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Frank Baum – Rinkitink in Oz 1916| First Edition Identification Guide

Rinkitink in Oz: Wherein is Recorded the Perilous Quest of Prince Inga of Pingaree and King Rinkitink in the Magical Isles that Lie Beyond the Borderland of Oz. is the tenth book in the Land of Oz series written by L. Frank Baum. It was published on June 20, 1916, with full-color and black-and-white illustrations by artist John R. Neill. It is notable that most of the action takes place outside of Oz, and no character from Oz appears in the book until its climax; this is due to Baum’s having originally written most of the book as a fantasy novel unrelated to his Oz books over ten years earlier, in 1905.


Prince Inga is the son of King Kitticut and Queen Garee, who rule the island kingdom of Pingaree. Kitticut tells Inga that years earlier, when armies from the neighboring islands of Regos and Coregos attempted to invade and conquer Pingaree, they were repelled by Kitticut himself with the aid of three magic pearls. The blue pearl gives its bearer superhuman strength, the pink pearl protects him from any harm, and the white pearl speaks words of wisdom.

Baum - Rinkitink In Oz 1916 First Printing DJ
Rinkitink in Oz 1916 – 1st printing

The jovial fat King Rinkitink of Gilgad arrives in Pingaree on royal holiday, and remains as Kitticut’s guest for several weeks. Rinkitink usually rides Bilbil, a surly talking goat. One day invaders from Regos and Coregos arrive again, and seize King Kitticut before he can reach his magic pearls. All the people are carried into slavery, except Inga and Rinkitink who escape along with Bilbil. Inga resolves to free his people with the aid of the magic pearls. Keeping the pearls secret from Rinkitink, he hides them in his shoes, and the three sail to Regos.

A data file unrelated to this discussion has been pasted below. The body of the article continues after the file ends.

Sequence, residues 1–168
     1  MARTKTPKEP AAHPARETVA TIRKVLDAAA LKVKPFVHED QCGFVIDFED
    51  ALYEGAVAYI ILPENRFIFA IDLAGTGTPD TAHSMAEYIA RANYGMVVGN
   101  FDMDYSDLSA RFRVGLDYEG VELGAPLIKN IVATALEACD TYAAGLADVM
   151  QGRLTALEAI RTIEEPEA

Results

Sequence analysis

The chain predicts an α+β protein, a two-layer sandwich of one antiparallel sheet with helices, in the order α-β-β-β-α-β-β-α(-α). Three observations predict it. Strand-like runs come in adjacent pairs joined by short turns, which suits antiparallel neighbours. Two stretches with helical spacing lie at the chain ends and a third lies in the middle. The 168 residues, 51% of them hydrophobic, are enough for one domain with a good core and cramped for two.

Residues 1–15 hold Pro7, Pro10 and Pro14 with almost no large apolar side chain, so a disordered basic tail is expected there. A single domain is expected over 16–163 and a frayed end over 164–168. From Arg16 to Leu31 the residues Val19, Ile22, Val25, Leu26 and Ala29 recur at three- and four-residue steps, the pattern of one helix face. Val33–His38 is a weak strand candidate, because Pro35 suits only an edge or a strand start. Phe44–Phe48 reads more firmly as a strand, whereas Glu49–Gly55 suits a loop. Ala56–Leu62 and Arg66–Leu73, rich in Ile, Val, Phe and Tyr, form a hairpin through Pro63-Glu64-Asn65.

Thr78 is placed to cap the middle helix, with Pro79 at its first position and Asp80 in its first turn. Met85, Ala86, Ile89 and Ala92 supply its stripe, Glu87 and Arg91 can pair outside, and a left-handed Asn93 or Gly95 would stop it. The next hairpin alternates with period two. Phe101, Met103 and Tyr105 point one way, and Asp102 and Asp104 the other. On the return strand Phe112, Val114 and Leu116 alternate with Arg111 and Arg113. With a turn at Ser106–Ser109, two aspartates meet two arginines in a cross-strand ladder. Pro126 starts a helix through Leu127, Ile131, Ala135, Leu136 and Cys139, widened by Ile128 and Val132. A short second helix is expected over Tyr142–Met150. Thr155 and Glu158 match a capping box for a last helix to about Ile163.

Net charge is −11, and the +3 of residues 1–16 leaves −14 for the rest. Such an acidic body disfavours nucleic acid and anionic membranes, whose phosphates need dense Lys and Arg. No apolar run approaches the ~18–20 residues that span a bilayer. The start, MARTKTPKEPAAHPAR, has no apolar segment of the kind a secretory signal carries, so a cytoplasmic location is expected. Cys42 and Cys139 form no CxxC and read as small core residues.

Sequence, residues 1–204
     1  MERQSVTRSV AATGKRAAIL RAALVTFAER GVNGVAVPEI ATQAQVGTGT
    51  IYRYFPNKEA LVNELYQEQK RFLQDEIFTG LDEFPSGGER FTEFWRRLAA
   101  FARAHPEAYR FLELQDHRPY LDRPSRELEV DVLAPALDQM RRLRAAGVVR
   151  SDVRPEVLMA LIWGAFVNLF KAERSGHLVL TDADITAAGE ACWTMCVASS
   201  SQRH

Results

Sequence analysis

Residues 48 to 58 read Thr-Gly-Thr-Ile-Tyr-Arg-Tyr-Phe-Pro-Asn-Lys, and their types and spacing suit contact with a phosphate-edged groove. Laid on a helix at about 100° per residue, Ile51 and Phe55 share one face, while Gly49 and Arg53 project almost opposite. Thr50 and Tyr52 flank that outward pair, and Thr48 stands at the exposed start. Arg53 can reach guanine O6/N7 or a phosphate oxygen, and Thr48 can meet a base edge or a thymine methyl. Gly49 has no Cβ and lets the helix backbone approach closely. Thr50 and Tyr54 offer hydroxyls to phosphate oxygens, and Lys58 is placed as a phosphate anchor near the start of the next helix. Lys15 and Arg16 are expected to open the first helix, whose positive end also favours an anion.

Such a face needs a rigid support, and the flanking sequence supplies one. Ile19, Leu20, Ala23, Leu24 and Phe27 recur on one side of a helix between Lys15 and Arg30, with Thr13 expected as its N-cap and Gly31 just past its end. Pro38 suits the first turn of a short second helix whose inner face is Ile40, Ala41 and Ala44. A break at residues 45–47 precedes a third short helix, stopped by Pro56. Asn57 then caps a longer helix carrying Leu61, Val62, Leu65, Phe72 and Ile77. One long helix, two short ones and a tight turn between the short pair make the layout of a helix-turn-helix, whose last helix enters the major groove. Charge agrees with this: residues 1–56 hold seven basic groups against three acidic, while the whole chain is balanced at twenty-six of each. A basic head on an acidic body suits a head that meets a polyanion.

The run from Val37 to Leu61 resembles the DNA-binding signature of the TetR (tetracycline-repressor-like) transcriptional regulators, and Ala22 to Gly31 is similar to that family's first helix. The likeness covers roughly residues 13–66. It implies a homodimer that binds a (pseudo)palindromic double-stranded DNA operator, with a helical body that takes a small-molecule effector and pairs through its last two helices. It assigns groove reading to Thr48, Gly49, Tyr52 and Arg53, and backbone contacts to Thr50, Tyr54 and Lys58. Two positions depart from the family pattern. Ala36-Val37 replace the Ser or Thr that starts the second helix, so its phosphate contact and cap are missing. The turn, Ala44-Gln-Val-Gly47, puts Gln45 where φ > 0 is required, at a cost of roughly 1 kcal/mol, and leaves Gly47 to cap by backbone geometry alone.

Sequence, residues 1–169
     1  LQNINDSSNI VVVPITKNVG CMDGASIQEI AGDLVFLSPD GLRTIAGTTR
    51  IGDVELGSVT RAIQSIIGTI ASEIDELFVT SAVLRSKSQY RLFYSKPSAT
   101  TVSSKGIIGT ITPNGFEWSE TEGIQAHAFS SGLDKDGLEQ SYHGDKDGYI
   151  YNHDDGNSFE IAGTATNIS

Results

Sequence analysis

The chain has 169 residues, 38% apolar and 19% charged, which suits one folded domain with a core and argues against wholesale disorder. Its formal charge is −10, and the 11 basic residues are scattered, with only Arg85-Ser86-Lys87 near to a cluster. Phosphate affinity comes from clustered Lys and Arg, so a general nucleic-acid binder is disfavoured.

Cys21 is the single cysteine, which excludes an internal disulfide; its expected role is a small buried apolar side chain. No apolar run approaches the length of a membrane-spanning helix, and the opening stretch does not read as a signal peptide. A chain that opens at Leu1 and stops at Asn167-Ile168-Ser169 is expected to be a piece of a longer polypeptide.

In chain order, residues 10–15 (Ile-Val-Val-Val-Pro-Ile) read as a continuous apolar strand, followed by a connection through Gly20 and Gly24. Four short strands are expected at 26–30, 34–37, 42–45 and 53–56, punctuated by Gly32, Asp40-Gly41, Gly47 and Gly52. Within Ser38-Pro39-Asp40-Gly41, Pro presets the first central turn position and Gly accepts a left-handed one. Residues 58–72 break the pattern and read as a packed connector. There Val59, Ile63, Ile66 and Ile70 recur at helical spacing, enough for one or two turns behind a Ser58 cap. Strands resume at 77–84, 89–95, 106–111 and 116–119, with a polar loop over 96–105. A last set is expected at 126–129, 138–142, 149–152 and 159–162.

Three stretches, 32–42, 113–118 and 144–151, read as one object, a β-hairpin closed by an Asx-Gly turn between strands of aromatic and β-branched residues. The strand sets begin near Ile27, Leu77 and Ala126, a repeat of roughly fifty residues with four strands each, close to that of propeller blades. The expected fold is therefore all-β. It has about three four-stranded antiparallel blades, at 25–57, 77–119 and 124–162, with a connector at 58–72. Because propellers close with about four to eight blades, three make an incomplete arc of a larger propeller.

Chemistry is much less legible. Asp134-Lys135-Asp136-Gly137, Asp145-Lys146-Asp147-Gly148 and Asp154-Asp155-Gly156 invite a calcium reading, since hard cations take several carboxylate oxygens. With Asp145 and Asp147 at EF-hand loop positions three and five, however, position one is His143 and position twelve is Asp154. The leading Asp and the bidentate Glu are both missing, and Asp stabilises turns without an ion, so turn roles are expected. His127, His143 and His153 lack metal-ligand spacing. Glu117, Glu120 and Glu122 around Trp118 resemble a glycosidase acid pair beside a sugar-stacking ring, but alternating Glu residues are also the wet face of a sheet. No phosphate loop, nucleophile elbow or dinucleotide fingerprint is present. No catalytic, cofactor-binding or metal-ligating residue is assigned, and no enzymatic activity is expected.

The wicked King Gos of Regos and his army are easily defeated by the strength and invulnerability of Inga, and they flee to the neighboring island of Coregos, ruled by the equally wicked Queen Cor. Inga and Rinkitink sleep in the palace, but the next morning both shoes along with the pink and blue pearls they contain are accidentally lost. The shoes are found by a poor charcoal burner, who takes them home to give to his daughter Zella. Queen Cor arrives on Regos and captures the now powerless Inga and Rinkitink, and brings them back to Coregos.

Zella, wearing the shoes but unaware of the power they convey, travels to the palace on Coregos to sell honey to Queen Cor. Inga sees her and, recognizing her shoes, trades shoes with her. Again possessing the pearls, he overpowers Cor who escapes and flees to Regos. Inga frees the enslaved people of Pingaree, who sail back home. However his parents are still captives of Gos and Cor, who take them to the neighboring country of the subterranean Nomes, and pay the Nome King Kaliko to use his magic to keep them captive.

Inga, Rinkitink and Bilbil arrive in the Nome Kingdom. For safety, Rinkitink carries the pink pearl which confers invulnerability. The Nome King refuses to release Inga’s parents because of his promise to Cor and Gos, although he claims to bear no animosity toward the travelers. Rinkitink and Inga sleep in the Nome King’s palace that night, but in the morning Kaliko attempts to kill both of them by various devious traps. Both escape by means of the power of the pearls they carry.